I was lucky enough to see the orange-tailed clearwing last summer but don’t think I have seen a red-tipped clearwing before, and this was the lure Dave had bought. He had seen one come to the lure but disappear before I saw him, but whilst we were chatting another came and this time rested on a nearby bramble allowing us to photograph it, I think the sun disappearing at that moment helped!

red tipped clearwing

Red-tipped clearwing

The lures do not harm the moths, but they should only be used for a short period of time and it is best not to use individual species lures regularly at one site in one season so as not to disturb the insects too much.

It was great to see and a surprise for an otherwise rather grey and wet day, so thank you Dave!

30 Days Wild – Day 29

A day off in the heat, I spent much of it in the garden, although staying largely to the shadier areas. I was going to have a look for insects, in the hope of adding new species to my garden list, but my willingness to stay out in the full sun for very long thwarted this. I did manage to record one new species though. I used the pheromone lures for clearwing moths again and this time attracted several male red-tipped clearwing moths, these are quite frequent at Blashford, but I had not recorded them at home previously. I did try to get some pictures but in the heat they were so active that this proved impossible.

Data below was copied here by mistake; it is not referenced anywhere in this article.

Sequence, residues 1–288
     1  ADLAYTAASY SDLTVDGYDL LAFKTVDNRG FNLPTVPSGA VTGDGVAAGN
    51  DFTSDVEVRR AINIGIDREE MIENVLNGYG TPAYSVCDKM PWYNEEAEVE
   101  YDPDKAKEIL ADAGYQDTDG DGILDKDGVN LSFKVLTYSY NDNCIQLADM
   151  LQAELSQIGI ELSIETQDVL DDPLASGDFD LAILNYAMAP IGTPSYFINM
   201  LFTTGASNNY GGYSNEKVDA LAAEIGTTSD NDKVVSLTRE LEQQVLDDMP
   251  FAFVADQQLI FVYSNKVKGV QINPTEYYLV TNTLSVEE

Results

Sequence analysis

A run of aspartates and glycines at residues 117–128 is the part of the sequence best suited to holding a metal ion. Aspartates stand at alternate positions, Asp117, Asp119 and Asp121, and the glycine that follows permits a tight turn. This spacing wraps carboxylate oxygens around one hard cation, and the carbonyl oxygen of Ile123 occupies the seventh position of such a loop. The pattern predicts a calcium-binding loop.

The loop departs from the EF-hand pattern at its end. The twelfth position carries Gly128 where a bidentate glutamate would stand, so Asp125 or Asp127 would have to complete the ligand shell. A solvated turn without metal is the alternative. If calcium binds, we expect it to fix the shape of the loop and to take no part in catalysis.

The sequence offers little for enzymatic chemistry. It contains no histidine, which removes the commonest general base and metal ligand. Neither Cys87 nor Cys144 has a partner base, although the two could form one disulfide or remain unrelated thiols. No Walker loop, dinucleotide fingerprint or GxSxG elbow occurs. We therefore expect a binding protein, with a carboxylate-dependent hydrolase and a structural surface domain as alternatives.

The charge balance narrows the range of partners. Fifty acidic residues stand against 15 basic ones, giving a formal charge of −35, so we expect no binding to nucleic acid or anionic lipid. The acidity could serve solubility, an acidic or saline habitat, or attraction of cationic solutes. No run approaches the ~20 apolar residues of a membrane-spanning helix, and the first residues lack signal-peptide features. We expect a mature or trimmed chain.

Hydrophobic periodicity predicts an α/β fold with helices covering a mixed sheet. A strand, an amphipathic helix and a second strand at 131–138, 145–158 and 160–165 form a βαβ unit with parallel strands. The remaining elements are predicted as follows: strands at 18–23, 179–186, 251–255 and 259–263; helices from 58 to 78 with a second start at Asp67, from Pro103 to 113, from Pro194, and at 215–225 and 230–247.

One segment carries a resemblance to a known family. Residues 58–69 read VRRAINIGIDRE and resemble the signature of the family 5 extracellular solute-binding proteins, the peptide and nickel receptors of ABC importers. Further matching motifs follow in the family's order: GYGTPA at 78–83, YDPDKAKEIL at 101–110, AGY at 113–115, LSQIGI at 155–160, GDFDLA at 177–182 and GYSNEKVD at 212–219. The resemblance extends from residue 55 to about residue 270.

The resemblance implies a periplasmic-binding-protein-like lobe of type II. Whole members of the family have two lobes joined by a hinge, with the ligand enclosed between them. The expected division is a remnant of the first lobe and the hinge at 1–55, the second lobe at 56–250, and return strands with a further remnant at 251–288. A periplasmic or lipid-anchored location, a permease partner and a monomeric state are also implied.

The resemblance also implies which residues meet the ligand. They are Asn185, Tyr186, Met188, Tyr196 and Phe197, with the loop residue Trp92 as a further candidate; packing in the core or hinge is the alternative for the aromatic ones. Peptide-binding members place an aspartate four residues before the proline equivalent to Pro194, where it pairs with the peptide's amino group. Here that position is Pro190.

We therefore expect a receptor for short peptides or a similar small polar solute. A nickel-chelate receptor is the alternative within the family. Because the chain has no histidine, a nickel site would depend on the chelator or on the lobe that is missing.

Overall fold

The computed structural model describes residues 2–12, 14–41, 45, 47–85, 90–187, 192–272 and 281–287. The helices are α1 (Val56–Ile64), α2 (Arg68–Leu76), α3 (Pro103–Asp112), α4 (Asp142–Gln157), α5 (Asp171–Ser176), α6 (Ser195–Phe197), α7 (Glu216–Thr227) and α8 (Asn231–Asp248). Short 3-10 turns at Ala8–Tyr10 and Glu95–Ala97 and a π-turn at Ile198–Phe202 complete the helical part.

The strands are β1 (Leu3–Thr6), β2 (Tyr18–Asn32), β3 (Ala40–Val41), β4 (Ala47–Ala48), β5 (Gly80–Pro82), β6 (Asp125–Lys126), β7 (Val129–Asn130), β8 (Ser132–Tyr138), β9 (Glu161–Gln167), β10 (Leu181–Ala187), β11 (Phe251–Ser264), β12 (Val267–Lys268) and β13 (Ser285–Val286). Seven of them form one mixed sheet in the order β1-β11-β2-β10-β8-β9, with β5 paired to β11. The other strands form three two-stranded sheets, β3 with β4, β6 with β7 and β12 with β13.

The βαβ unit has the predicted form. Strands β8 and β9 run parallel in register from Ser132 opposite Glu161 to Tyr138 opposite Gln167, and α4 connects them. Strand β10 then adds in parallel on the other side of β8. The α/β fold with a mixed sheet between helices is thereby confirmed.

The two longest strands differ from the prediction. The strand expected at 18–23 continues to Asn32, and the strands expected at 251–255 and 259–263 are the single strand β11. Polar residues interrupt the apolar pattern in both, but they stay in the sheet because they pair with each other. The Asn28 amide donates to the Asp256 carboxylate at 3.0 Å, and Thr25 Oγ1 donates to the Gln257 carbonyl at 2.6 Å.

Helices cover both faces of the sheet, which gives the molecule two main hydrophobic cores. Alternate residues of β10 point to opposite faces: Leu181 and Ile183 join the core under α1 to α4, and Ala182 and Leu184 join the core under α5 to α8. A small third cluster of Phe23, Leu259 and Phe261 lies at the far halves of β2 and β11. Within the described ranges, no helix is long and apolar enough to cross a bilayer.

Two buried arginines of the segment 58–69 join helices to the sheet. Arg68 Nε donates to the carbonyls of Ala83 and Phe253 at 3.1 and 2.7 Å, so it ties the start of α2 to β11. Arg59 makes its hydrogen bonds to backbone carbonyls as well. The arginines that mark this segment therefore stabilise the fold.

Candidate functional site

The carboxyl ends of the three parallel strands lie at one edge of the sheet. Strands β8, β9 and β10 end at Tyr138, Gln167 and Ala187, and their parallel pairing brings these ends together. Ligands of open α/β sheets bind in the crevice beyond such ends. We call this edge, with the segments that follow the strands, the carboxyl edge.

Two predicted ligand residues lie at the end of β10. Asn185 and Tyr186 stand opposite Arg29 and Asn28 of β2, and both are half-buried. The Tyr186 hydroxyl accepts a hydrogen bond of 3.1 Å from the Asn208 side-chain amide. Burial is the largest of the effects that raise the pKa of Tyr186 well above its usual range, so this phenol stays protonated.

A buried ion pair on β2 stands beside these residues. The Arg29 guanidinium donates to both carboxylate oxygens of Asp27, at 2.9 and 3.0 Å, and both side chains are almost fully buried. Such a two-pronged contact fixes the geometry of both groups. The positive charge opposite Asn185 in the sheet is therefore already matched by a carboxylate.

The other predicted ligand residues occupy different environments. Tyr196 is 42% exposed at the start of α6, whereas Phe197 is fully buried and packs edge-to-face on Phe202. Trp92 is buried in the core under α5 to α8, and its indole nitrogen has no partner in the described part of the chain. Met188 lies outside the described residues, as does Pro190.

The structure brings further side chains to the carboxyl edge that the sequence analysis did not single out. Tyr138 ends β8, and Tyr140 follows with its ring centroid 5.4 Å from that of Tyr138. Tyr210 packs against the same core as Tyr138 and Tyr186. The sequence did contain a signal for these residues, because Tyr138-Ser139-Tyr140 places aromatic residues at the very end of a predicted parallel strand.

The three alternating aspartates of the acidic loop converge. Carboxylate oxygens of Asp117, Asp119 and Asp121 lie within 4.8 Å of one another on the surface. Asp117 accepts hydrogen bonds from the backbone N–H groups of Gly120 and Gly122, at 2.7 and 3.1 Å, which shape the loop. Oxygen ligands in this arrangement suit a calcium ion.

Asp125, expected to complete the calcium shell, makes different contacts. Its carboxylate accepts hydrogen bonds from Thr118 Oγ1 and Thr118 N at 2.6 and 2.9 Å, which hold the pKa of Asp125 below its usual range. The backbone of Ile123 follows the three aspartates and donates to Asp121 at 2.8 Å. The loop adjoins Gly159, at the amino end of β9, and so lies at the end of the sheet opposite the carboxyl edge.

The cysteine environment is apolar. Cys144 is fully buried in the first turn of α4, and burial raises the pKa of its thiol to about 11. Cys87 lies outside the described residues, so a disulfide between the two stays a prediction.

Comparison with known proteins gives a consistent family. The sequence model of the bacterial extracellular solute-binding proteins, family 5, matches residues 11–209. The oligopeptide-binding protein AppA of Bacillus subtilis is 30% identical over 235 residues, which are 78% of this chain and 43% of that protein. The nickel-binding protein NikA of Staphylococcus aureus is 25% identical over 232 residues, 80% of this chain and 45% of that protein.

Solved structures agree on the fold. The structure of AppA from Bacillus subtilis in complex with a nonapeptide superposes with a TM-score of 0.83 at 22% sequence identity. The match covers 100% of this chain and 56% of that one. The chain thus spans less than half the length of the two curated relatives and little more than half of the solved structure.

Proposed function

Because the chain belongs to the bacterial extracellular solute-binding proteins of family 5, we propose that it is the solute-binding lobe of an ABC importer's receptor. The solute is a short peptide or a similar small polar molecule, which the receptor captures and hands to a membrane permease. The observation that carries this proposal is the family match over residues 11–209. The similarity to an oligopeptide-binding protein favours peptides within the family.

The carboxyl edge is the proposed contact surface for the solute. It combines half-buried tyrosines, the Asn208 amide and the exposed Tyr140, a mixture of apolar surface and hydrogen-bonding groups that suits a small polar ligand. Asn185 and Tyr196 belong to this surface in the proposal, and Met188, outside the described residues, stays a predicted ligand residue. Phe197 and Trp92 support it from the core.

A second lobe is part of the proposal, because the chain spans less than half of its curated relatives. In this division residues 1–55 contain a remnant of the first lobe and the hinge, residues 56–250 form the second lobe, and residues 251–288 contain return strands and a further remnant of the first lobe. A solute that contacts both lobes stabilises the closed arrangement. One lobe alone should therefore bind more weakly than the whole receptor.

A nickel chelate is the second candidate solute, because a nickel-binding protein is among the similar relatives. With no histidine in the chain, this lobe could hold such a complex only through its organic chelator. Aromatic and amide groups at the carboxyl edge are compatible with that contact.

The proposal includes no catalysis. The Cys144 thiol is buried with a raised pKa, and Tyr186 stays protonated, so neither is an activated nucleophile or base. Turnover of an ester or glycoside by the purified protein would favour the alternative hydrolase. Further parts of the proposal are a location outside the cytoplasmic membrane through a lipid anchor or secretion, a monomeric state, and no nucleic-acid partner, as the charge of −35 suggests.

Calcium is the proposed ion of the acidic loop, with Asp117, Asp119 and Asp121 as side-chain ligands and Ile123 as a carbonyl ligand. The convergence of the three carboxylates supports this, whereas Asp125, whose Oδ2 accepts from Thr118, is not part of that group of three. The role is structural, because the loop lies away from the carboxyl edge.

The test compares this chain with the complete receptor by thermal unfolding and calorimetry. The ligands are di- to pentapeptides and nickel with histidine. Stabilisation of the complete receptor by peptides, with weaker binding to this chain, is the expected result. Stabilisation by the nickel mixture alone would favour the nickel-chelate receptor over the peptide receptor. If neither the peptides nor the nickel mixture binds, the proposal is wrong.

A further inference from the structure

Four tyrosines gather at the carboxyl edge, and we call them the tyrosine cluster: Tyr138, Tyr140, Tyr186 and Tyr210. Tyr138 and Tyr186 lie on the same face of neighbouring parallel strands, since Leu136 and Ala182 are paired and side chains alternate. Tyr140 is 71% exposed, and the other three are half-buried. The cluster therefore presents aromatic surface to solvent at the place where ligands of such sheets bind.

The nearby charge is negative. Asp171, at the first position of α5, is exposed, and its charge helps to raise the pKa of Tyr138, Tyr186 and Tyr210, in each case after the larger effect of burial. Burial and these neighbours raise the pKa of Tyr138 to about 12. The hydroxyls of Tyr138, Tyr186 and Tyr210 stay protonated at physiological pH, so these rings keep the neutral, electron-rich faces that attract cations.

The mini-meadow is looking great now, the ox-eye daisy and corky-fruited water-dropwort are just starting to go to seed but the field scabious, knapweed, wild carrot and bird’s-foot trefoil are just coming to their best.

field scabious

field scabious

knapweed

knapweed

Both the scabious and knapweed are particularly good nectar sources, being very well visited by bees and butterflies.

corky-fruited water-dropwort

corky-fruited water-dropwort